Kyle Gordon
Contributor

I hope I do too Denise!

Vin Beni
Guest contributor

After our first visit to Londolozi in 2013, I returned home and used the word “insignificant'” when asked how I felt abou my trip. Your piece helps me to now better understand that feeling.
On our latest trip this year, we rolled down the airstrip in silence and marveled at the sky. Of all the wonderful memories of multiple trips, this one stands out.

Kyle Gordon
Contributor

Hi Vin, I’m really glad you liked it. Thanks!

Valmai Vorster
Master Tracker

Great article thanks Kyle. We are insignificant compared to the universe and all the stars and different planets. To think that God created everything in and on the earth, and everything belongs to him. All these multitude of stars He created and named each and every one of them.

Paul Buchanan
Explorer

Very well-said! I enjoyed your description a lot. What do you think about the idea that the initiation of our solar system was the result of a preceding supernova in the same area? People use the evidence of Aluminum-26 to suggest. It’s decay products are found in some meteorites that represent material from early in solar system history. It was first suggested by G Srinivasan’s analysis (1999) of feldspars in the Indian eucrite Piplia Japan. You should check it out and let me know what you think. I worked on that meteorite myself a bit when it first fell. You have a very good perspective on the early formation of the universe and solar system. I love the skies at night in the bush in South Africa. You can see so many stars when you are away from the big cities. Has the big telescope in Namaqualand been completed yet?

Kyle Gordon
Contributor

Hi Paul, I haven’t heard of that theory but quite like the idea and definitely am going to do some more research into it. I have just read a short paper on it and it’s an interesting concept, one that I have heard of but not in regard to our solar system, that what sparked the gravitational coalescing of the matter in our solar system was the energy from a nearby supernova, and that the proof of that is in elements and isotopes that can only be formed under the influence of that much energy! Very cool! It’s also awesome that you yourself were working on that meteorite, something so ancient as to be not prehistoric but a pre-solar! On the Namaqualand telescope front, I’m not sure.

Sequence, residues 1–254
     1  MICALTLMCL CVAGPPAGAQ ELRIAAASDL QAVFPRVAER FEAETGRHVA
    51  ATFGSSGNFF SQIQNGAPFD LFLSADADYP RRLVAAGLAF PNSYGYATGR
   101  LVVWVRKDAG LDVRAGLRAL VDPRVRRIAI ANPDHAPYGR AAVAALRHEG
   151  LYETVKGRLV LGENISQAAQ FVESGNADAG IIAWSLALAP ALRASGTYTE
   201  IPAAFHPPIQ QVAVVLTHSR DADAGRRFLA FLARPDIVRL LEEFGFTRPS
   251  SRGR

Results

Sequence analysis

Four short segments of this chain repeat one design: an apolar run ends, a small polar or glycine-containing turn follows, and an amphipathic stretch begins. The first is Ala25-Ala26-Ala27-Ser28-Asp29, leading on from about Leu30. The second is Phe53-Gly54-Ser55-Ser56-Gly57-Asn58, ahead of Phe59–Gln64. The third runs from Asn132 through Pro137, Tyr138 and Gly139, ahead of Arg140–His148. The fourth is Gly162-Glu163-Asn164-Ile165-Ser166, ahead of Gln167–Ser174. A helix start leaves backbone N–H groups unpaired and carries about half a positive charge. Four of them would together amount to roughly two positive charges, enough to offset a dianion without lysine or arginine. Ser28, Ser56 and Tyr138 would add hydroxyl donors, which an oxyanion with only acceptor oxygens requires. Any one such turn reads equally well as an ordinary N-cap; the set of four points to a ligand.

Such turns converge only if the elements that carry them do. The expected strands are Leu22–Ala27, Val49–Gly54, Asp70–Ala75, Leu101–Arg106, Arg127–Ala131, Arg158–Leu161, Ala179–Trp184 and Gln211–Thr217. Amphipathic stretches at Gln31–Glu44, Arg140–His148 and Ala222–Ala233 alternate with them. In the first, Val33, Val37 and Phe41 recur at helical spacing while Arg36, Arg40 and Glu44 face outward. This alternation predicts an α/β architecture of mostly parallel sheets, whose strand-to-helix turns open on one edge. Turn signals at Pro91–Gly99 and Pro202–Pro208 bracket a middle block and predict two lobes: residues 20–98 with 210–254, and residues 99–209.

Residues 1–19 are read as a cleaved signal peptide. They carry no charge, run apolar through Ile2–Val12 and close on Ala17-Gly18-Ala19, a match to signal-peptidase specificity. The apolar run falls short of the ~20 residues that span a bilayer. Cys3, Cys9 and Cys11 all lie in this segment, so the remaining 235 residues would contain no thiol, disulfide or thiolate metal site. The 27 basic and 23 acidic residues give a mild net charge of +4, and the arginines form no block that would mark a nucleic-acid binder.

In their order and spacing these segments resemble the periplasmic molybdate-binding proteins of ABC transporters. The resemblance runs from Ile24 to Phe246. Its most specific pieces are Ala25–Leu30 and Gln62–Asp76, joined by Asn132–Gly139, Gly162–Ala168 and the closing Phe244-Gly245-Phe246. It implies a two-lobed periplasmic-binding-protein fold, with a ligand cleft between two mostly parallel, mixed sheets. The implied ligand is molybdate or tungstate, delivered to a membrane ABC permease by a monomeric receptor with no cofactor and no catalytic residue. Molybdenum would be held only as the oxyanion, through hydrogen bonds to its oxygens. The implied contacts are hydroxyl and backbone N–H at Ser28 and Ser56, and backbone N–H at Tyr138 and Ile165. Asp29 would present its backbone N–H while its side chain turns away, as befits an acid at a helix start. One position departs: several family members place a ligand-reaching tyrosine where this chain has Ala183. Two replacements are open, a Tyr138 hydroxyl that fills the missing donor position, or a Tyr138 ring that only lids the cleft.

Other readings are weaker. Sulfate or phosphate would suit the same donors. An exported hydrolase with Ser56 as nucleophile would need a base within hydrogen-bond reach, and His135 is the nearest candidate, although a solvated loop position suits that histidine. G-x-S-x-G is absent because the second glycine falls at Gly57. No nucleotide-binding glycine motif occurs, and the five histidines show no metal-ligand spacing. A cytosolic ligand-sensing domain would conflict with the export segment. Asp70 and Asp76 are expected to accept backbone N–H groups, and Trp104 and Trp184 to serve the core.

Jocelyn Berg
Digital Ranger

Amazing choice of photos. Thanks much appreciated

Leonie De Young
Digital Tracker

A thought provoking blog Kyle. I actually love looking at the sky – the clouds, stars and moon. I have often wondered how humans actually “happened”. I know we were “created” but you have to wonder how. Some lovely pics in the blog also. Thanks for sharing this with us. A good read.

Kyle Gordon
Contributor

Hi Leonie, I’m glad you had fun with it!! Thank you

Patrick Smyth
Explorer

Unfortunately, Kyle, it rained every night I was at Londolozi, so I never got to enjoy those extraordinary clear, star-filled skies that your pictures capture. However, in reading your comments, I am filled with awe of another nature. You can stop hoping you will make a difference in life. You already make the difference. Without you, the rest of us would not be alive and the world would not be what it is today – this moment and every moment from here until you become dust again. And, that goes for all of us. If you’d like to have that experience and the experience of the space of nothingness, of which you wrote, I suggest you do the Landmark Forum, offered by Landmark Worldwide. It is extraordinary for a lifetime of understanding that never gets old. My life has never been the same and it just keeps getting better, without adding more stuff to do, places to go and people to see – without the rat race, in other words. Please keep observing and sharing your observations. They are remarkable, yet the being of human beings is even more remarkable. Please let me know how it goes.